County officials, residents ready for ‘new day in DeKalb’


Champion Newspaper (98)

When his schedule allows, newly elected DeKalb County Commissioner Steve Bradshaw, representing District 4, heads to the gym promptly at 5 a.m. four times a week.

However, his gym schedule has been a little sporadic lately. Bradshaw, who defeated former DeKalb County Commissioner Sharon Barnes Sutton, said he’s still getting adjusted to taking office.

Bradshaw, along with Commissioner Gregory Adams and CEO Michael Thurmond, are a few of the new faces in county government.

Bradshaw said DeKalb County residents seem “cautiously optimistic” about having new faces in the county government.

In an interview with The Champion Jan. 12, Bradshaw said the county has a long way to go to restore trust in their government.  

“I’m going to work on the things that I ran on and the first thing we have to do is restore the public’s trust in DeKalb County,” Bradshaw said. “That’s not a one event thing. That’s going to take place over time. Little decisions day in and day out and showing people that we’re working on their behalf. That’s first and foremost.”

Restoring trust with residents will be an uphill battle, Bradshaw said.
“When you mess up, fess up,” he said. “It’s when you mess up and try to hide things, that’s when you get in trouble and people start to get uneasy.”

During the Board of Commissioners first regular meeting of the year, several residents expressed the cautious optimism Bradshaw spoke of. With the addition of Adams, the board of commissioners have all seven districts represented.

The Champion was unable to schedule an interview with Adams, after repeatead calls were made to his office.

“I’m so proud today that we have seven commissioners at one time,” said John Evans, a longtime civil rights activist in DeKalb County. “We have four Blacks and three Whites. It’s a new agenda. Now you’re going to have to decide how you’re going to operate it…It’s a new day. The whole thing starts today.”

One issue that seems to be at the top of the agenda for the county government is the water billing crisis.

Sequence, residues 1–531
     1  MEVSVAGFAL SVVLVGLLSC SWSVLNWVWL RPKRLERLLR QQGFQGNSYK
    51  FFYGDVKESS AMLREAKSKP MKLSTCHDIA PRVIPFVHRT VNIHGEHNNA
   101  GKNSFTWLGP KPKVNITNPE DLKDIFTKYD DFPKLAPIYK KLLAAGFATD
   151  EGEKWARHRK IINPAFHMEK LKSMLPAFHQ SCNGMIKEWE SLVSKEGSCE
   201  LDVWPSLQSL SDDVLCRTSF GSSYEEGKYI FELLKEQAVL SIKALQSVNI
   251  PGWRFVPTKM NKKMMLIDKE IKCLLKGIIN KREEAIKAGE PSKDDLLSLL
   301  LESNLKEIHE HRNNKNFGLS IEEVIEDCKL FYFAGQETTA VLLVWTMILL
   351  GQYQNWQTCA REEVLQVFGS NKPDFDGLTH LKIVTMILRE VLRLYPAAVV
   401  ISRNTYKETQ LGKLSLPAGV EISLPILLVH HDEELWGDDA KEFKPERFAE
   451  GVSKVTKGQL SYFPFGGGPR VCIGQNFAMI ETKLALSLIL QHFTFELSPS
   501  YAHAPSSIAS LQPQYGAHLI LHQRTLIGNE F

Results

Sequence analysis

Some DeKalb County residents are still frustrated over what some call “a systemic issue” with the county’s water billing system.

Thurmond said the issue is one of his top priorities and offered an apology to taxpayers.

“I offer my apologies to customers that have been negatively impacted…it’s unacceptable,” Thurmond said.

Bradshaw said he will defer to Thurmond in water billing matters, but said the issue is at the top of his agenda as well.

“The water billing, I know, is at the very top of the CEO’s agenda. He’s been in meeting after meeting and I’ve passed by him in the last several weeks or so and I know [water billing] is at the top of my agenda,” Bradshaw said.

DeKalb County resident Joel Edwards said he was hopeful that the new year would be about change in DeKalb County government.

“We hope, we the people hope and voted for a change in DeKalb County,” Edwards said. “We voted for one DeKalb County and we’re hoping you make the right decision moving this county forward.”

Commissioners may also look at an increase in pay for firefighters and police in 2017. Adams, a former DeKalb County police officer, ran on a platform of increasing pay for the county’s firefighter and police personnel.

Adams said he’s worked with Commissioner Larry Johnson on the issue.

Bradshaw called DeKalb County’s inability to retain police officers and firefighters a “crisis” and said he plans to work on a pay increase for those workers. Bradshaw said he and Public Safety Director Cedric Alexander have had a long discussion regarding retaining officers in the county.

“We need to make sure we address what I regard as a borderline crisis in our public safety departments around turnover. We need to keep our officers here,” Bradshaw said. “[Alexander] has put together a comprehensive plan…at the end of the day it’s about setting that as a priority.”

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